Here is a rather interesting blog article on CNN.com about Baby Boomers entering seminary. My class at Seabury was something of an exception with the majority of my classmates under 35. At Westcott House in the Church of England when I was there, there certainly were not any boomers that I recall, with the exception of maybe one or two. Certainly, there were plenty of Boomers in other classes in the Episcopal Church seminaries though.
I think this is partly the end result of (at least in the Episcopal church) the thinking of those in the Ordination process discernment committees for several years starting in the late '80's that seminarians needed some "real life experience" before going to seminary. This was largely a disaster because young people who were discouraged or turned away until they reached "riper years" (as it says in the adult baptism rite in the1662 Book of Common Prayer), moved on either to secular jobs or to other denominations or ministries that were ready to welcome them with open arms. This policy began to shift in the late 90's because someone looked around and realized that everyone in seminary had grey hair.
Not that there is anything wrong with grey hair. I have developed a few in my beard myself. Certainly, there was some wisdom in the idea that seminarians should have some real life experience before going into ordained ministry. Those in my seminary who did have some sort of secular job or had gone to grad school elsewhere did bring a different perspective which I think will serve them well when they get into regular parish life.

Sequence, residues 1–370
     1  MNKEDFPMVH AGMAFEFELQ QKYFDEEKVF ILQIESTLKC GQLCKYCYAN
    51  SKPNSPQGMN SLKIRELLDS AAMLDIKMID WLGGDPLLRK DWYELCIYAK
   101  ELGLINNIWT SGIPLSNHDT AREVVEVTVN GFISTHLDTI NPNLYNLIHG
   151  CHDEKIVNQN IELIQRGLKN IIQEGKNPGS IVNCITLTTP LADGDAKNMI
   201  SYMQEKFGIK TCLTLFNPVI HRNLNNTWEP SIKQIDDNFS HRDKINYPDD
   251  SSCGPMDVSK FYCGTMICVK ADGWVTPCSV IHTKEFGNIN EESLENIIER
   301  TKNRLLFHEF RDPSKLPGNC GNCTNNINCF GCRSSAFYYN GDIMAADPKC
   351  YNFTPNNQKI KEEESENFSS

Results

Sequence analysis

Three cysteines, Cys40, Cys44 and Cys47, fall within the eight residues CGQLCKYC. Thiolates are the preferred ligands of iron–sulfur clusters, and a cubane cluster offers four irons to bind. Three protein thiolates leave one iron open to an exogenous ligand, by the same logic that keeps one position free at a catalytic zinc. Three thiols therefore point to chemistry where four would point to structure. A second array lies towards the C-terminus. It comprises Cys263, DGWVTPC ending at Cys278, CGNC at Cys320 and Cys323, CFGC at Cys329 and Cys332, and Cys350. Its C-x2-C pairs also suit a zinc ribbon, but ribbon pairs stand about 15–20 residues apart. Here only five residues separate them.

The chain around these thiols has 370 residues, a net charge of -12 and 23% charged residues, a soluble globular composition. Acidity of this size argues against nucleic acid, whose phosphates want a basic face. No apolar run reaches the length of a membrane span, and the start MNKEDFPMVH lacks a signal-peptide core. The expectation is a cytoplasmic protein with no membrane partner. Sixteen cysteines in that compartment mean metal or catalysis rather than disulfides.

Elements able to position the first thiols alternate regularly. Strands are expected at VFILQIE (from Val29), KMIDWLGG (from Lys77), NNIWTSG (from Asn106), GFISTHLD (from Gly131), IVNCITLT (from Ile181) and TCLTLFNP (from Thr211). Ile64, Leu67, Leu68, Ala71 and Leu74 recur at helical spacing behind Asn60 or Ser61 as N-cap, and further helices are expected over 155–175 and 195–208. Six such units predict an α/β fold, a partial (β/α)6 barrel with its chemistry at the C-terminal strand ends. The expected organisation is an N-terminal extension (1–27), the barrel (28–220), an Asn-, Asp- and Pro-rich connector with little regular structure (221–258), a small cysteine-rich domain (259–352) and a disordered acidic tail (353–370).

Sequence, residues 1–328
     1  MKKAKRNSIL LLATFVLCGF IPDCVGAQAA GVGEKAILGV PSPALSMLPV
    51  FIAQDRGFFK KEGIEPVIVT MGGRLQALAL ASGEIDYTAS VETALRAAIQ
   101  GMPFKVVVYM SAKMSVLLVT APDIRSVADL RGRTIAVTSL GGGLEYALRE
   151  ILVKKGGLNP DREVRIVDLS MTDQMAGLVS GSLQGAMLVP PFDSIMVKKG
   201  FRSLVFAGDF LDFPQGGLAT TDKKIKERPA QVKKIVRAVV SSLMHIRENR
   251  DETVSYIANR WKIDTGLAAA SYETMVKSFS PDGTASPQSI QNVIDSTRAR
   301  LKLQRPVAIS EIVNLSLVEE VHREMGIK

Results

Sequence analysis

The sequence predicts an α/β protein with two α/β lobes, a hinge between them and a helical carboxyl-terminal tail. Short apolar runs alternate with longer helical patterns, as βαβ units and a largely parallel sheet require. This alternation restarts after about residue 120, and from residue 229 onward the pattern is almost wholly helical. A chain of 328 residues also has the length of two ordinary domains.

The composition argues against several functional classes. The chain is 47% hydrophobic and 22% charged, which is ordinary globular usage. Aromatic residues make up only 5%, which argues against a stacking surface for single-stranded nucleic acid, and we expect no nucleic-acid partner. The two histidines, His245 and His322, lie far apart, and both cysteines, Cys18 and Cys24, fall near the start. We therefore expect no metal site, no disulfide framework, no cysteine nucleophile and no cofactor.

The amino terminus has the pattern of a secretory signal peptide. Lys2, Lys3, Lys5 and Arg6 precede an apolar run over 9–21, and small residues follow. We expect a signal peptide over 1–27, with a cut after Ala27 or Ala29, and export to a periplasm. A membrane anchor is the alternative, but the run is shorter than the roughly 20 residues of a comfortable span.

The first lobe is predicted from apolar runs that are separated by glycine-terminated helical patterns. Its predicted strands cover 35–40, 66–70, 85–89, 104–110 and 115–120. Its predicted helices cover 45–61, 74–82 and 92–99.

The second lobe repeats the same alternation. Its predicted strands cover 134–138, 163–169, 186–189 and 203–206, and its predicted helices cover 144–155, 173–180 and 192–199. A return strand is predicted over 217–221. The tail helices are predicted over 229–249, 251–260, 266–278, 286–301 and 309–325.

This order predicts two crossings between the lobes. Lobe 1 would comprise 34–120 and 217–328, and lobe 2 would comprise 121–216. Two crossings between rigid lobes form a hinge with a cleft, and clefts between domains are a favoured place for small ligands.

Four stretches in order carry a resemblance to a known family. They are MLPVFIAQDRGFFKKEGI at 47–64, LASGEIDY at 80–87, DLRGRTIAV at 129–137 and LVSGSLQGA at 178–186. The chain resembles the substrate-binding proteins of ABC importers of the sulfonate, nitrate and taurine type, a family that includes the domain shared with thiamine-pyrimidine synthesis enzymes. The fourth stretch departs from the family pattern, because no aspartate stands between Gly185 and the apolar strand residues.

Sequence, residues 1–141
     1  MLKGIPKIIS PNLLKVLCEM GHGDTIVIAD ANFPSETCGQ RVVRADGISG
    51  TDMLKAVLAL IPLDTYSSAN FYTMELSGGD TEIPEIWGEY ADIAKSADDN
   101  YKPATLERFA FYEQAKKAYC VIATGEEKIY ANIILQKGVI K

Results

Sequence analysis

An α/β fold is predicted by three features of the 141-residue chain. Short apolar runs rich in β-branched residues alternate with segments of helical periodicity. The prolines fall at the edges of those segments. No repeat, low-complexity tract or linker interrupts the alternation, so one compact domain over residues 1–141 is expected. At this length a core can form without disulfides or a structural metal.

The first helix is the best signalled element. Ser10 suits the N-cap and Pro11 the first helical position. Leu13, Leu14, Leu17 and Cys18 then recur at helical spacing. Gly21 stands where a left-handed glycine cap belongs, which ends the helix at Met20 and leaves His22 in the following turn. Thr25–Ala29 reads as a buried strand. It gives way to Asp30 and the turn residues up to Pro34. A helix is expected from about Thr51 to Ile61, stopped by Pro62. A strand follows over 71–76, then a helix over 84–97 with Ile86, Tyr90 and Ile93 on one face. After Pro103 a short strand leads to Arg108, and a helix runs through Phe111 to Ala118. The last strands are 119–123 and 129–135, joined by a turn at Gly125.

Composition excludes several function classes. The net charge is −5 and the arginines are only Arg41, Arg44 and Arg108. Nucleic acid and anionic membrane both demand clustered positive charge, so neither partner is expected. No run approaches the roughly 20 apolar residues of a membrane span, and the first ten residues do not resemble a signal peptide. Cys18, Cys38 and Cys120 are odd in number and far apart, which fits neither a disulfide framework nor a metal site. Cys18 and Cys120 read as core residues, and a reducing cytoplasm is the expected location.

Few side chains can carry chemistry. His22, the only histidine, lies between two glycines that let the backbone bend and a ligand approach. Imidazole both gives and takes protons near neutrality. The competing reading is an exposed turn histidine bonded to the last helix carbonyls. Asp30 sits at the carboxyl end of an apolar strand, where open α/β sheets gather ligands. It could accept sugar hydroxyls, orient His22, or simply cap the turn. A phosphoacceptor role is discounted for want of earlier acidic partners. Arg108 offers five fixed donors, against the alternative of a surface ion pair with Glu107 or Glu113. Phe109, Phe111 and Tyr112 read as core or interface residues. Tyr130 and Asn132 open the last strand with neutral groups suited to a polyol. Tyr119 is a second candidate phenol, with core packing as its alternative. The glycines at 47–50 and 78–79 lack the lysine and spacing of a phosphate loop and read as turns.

As a friend of mine on Facebook said when commenting on this article, "I take umbrage with this article's conclusion and am tempted to write a follow up article about how baby-boomer white liberal guilt is destroying traditional liturgy. Grace imparted upon ordination is the gift of God to accomplish the tasks which the Lord has set before you, regardless of age or experience. I know many accomplished and gifted ministers who are young and who are older. Kyrie eleison.'
While I don't quite agree with his tone, I think he made an interesting point. Certainly the Baby Boom generation was also the generation that rebelled against everything when they were young. I am forced to wonder (and I fear I know the answer to my question) that such a demongraphic is feeding the ever leftward drift of the Episcopal Church, particularly in the areas of the liberality of sexual expression and the ever increasing belligerency toward the Anglican Communion and Canterbury.
I do also have to wonder with the sheer expense of seminary (and subsequent debt load on seminarians), is it really prudent to invest so much time, talent, and treasure in hoards of aging Baby Boomers whom the Church might get 10 years of ordained ministry out of before retirement (at which point they will flood the Church Pension Fund and Clergy Insurance pool like they will with Medicare and Social Security entitlements.)
I certainly don't have an answer to any of this. I just pose this as food for thought.